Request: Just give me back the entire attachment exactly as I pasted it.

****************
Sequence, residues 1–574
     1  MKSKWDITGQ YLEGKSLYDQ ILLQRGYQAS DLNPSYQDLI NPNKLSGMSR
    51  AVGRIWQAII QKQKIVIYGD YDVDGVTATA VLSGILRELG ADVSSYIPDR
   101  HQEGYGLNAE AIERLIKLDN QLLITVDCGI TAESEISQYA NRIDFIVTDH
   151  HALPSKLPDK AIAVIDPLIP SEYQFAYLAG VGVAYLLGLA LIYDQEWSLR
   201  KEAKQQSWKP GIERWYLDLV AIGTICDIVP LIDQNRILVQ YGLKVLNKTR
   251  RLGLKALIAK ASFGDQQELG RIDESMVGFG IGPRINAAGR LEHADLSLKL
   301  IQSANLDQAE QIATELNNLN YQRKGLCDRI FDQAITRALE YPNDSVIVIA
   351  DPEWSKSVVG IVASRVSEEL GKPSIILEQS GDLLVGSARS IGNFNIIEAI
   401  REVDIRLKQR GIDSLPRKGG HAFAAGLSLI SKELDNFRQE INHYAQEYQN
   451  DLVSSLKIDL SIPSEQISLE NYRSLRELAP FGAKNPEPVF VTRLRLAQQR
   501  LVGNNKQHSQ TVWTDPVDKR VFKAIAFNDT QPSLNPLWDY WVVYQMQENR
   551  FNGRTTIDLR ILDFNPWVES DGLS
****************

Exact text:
Sequence, residues 1–574
     1  MKSKWDITGQ YLEGKSLYDQ ILLQRGYQAS DLNPSYQDLI NPNKLSGMSR
    51  AVGRIWQAII QKQKIVIYGD YDVDGVTATA VLSGILRELG ADVSSYIPDR
   101  HQEGYGLNAE AIERLIKLDN QLLITVDCGI TAESEISQYA NRIDFIVTDH
   151  HALPSKLPDK AIAVIDPLIP SEYQFAYLAG VGVAYLLGLA LIYDQEWSLR
   201  KEAKQQSWKP GIERWYLDLV AIGTICDIVP LIDQNRILVQ YGLKVLNKTR
   251  RLGLKALIAK ASFGDQQELG RIDESMVGFG IGPRINAAGR LEHADLSLKL
   301  IQSANLDQAE QIATELNNLN YQRKGLCDRI FDQAITRALE YPNDSVIVIA
   351  DPEWSKSVVG IVASRVSEEL GKPSIILEQS GDLLVGSARS IGNFNIIEAI
   401  REVDIRLKQR GIDSLPRKGG HAFAAGLSLI SKELDNFRQE INHYAQEYQN
   451  DLVSSLKIDL SIPSEQISLE NYRSLRELAP FGAKNPEPVF VTRLRLAQQR
   501  LVGNNKQHSQ TVWTDPVDKR VFKAIAFNDT QPSLNPLWDY WVVYQMQENR
   551  FNGRTTIDLR ILDFNPWVES DGLS